My alternate day fasting schedule is 6:00 PM to 6:00 PM. Last night (Wednesday), I was not able to eat until about 6:30. That turned out to be fortunate, because I was at a business/social engagement until 6:00 tonight. The last time I had eaten was at 3:30. So I stopped at Whole Foods and grabbed a bite to eat from their food bar. I was finished before 6:30, so I maintained the 24 hour cycle. Tomorrow, I will not eat again until 6:30 or later. Then I'll get back to 6:00 on Saturday night, when I start fasting again.
I find that I really like the fasting part of my 24/24 schedule. I know it's only been a few hours, but I already feel better. And I guarantee I will wake up early tomorrow, alert and ready to go. I've definitely noticed a reduced need for sleep in the short time I've been practicing intermittent fasting.
It is a bit awkward, though, when you're at a function where everyone is eating. I was at a neighborhood get together tonight, where there was lots of food, and they kept inviting me to eat. Despite the fact that I write this blog, I am not comfortable telling people face to face what I am doing. I find that people think you're trying to "show them up" by telling them how you're fasting for health, or even that you're avoiding junk food or whatever. The truth is, I could care less what other people eat, and I don't try to convince anyone to do things my way. If they ask me with genuine interest, I am happy to share, but I'm not going to force anything on anyone. So I don't tell people what I'm doing. If I just don't eat and keep quiet about why, they might think it's a bit odd, but they'll quickly forget about it.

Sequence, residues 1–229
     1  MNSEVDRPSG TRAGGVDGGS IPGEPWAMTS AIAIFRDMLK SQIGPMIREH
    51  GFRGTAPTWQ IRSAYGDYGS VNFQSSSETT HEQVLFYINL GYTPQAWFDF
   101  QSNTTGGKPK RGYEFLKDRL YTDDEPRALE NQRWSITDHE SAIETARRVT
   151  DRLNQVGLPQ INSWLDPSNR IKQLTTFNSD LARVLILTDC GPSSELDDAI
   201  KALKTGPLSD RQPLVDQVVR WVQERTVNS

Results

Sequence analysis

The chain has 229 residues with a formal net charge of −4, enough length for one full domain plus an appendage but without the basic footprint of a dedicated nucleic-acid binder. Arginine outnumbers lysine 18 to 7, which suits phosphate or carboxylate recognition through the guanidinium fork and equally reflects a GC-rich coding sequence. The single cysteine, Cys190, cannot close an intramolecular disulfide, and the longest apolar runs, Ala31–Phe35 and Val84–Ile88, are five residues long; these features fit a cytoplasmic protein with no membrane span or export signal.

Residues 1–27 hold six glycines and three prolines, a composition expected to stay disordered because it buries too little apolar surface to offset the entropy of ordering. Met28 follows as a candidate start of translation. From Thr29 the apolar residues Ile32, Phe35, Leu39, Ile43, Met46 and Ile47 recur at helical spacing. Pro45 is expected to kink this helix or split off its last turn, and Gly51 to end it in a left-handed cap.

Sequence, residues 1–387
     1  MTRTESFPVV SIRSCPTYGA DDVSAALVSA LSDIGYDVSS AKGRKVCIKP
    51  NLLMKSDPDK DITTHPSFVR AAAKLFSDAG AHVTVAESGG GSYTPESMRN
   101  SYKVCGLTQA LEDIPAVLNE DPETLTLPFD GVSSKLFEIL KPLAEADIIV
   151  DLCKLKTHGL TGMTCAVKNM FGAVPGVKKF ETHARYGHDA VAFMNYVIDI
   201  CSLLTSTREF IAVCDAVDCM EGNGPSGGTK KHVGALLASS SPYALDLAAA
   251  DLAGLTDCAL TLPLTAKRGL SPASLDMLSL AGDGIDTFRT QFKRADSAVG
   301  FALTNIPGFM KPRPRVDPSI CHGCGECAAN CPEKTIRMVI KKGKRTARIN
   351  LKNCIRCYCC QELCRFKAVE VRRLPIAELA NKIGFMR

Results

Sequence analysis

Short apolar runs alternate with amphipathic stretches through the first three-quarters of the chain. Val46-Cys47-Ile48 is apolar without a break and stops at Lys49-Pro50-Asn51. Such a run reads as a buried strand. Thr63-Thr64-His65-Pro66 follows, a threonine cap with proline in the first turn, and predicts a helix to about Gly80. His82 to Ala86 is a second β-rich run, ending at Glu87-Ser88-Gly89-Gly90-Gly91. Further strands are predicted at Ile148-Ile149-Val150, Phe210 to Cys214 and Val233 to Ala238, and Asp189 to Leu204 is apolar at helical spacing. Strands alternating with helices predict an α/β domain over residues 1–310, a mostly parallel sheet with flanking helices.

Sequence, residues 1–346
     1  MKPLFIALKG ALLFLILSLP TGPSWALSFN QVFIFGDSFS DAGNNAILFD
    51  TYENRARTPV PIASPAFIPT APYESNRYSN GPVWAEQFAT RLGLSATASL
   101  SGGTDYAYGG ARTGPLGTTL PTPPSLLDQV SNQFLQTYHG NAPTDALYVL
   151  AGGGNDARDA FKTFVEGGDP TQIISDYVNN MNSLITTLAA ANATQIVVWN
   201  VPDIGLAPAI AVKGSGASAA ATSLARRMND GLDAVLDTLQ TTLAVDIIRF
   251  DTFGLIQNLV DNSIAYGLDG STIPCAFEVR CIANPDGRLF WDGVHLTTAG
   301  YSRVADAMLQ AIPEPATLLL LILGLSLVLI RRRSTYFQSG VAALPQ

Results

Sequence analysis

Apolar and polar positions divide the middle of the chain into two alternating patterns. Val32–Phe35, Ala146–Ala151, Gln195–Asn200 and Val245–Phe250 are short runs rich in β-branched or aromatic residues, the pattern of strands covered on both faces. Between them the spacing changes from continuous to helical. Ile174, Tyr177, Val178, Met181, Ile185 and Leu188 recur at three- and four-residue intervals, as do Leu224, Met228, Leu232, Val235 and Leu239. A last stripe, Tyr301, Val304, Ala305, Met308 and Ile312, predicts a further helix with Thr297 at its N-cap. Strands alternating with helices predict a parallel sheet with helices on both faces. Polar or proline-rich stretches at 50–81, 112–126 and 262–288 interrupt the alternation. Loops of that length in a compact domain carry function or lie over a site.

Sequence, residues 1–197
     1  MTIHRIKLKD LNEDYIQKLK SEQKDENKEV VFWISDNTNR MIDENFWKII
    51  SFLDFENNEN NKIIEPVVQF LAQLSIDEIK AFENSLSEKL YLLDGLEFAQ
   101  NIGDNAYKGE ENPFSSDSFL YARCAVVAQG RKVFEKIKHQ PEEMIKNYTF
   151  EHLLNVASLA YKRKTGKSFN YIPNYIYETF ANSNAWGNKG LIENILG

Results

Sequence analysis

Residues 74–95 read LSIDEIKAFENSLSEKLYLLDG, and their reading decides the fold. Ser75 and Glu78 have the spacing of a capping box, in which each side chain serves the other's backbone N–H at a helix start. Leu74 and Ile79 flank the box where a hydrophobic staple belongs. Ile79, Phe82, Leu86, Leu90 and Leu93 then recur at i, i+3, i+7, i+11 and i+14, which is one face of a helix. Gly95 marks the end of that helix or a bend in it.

I also cannot have gluten or casein, because it affects my rheumatoid arthritis, and most foods at these social events have one or both of those. So if someone really pushes me, I can just explain that I'm "allergic," and that usually gets them to let it go. So I just drink my water, and enjoy the conversation.
It's somewhat humorous to hear all the people talking about their diabetes, claudication and heart problems. All the while, they're eating this high sugar, high carb, junk food! Again, I could care less what they eat, but complaining about diabetes (excess sugar in the blood) while eating pure carbohydrate (sugar) just strikes me as completely nuts. You don't have to be a rocket surgeon to figure out that people with a sugar metabolism problem shouldn't be eating sugar, at least not if they want to get better. Dr. Richard Bernstein has proven this both with himself, as a Type I diabetic, and with thousands of diabetic patients (Types I and II). If you haven't read his work, I encourage you to do so, especially if you or someone you love is diabetic. Check him out at http://www.diabetes-book.com/.
Speaking of diabetes, one of the reported benefits of IF is an improvement in insulin sensitivity, and thus a reduction in the likelihood of getting Type II diabetes. If you're a Type I diabetic, however, you should definitely check with your doctor before even thinking about fasting. I'd love to hear Dr. Bernstein's opinion on the subject. I'll see if I can get him to answer that question on one of the regular free conference calls he does.
Keep checking this blog for more updates on my progress, as well as (hopefully) interesting information on diet and health.